Once this idea gets firmed up in the mind, then the road ahead is cleared of all obstacles.
Thus, friends, the game is played in the mind.

"Let's stop begging"- 9 April 2014

PDF
Print
E-mail
Written by Rita Aggarwal
Friday, 11 April 2014 20:51

The woman has travelled this far, has progressed on almost every count at which she, once, used to be called bogged down on freedom scale. She is a bread-winner, she is a head of the family in countless cases, she is also the decision-maker not only in homes but also in the workplace. There is also no doubt that at least in India women form the biggest percentage of teachers in schools or colleges. There are no fields in which the woman has not established her presence, if not predominance.

Yet, despite all this, at some emotional level, the woman, in general, has remained a beggar of freedom. Actually speaking, the emerging social reality in India is that the woman is a winner of freedom and not a beggar. Yet, she is found begging for freedom, asking for clearance from men for the concept called freedom. It is this part that angers Namita, whose case we mentioned in the last edition of ‘Persona’. She hates begging for freedom on any count.
What we need today is only Namitas who hate to beg for freedom for women. For, freedom is not something that someone else grants us. On the contrary, it is something that we have to work hard for and win -- at any cost.
Yet, another part of the social reality in India is that the women are themselves granting men the freedom to rule over them, to be the decision-makers when that is not necessary. In marriage, too, the woman is the one playing the second fiddle, taking the shit from the family and outsiders, slogging in the home and also in the workplace.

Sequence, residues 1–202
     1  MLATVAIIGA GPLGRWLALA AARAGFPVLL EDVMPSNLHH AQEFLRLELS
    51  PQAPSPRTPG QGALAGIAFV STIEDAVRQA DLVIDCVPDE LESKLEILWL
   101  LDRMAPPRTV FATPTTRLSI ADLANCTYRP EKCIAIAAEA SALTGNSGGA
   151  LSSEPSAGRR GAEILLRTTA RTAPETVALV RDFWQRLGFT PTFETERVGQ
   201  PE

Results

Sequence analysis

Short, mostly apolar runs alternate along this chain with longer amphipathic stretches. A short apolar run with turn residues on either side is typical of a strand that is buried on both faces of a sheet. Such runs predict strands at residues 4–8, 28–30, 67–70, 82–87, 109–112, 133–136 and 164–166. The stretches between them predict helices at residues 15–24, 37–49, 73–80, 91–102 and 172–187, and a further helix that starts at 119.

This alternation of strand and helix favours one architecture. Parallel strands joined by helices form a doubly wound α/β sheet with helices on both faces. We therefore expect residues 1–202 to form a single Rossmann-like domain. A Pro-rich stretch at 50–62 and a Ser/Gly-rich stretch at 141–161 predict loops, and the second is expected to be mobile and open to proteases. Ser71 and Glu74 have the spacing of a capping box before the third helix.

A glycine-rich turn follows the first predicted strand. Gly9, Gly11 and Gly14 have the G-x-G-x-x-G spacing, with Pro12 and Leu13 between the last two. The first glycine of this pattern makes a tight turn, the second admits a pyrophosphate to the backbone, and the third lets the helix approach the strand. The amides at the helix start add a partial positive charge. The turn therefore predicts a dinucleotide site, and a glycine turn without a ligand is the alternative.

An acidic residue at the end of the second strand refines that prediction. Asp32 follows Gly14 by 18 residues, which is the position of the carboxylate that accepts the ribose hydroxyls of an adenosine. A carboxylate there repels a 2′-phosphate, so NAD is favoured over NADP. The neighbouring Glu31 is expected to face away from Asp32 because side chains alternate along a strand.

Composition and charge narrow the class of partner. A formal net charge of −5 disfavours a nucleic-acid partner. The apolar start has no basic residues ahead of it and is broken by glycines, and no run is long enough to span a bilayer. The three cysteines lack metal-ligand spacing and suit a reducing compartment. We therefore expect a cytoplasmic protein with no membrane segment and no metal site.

This model militates against the very concept of freedom in modern times.
BUt why don’t women realise this?
Again, the reason is that they blame the men for this lack of freedom: It’s men who stop them, it’s men who stall their progress, it’s men who don’t allow them to grow as individuals.
This is a huge misnomer.
There is one simple question to be asked: What will the men do if the women take their own decisions and take charge of their lives?
The answer is simple: Nothing.
The men would not be able to do anything if women take charge of their lives.
Yet, the women don’t even try that.
That is the real trouble.
There is no intention to suggest that in a family setting, the women have to ignore the men completely. That is not the idea of freedom. The idea called freedom is to be able to make the choice appropriate at a given moment and in a given situation. And this choice may even lead the women to consult men, to work in tandem with them, to take their help, their shelter, their protection.
The idea of freedom is simple, though tough: Freedom means the ability to make choice, the scope to make the choice, allowance for failure, and celebration of success.
Once this idea gets firmed up in the mind, then the road ahead is cleared of all obstacles.
Thus, friends, the game is played in the mind.

<< Start < Prev 1 2 3 4 5 6 7 8 9 10 Next > End >>
Page 9 of 32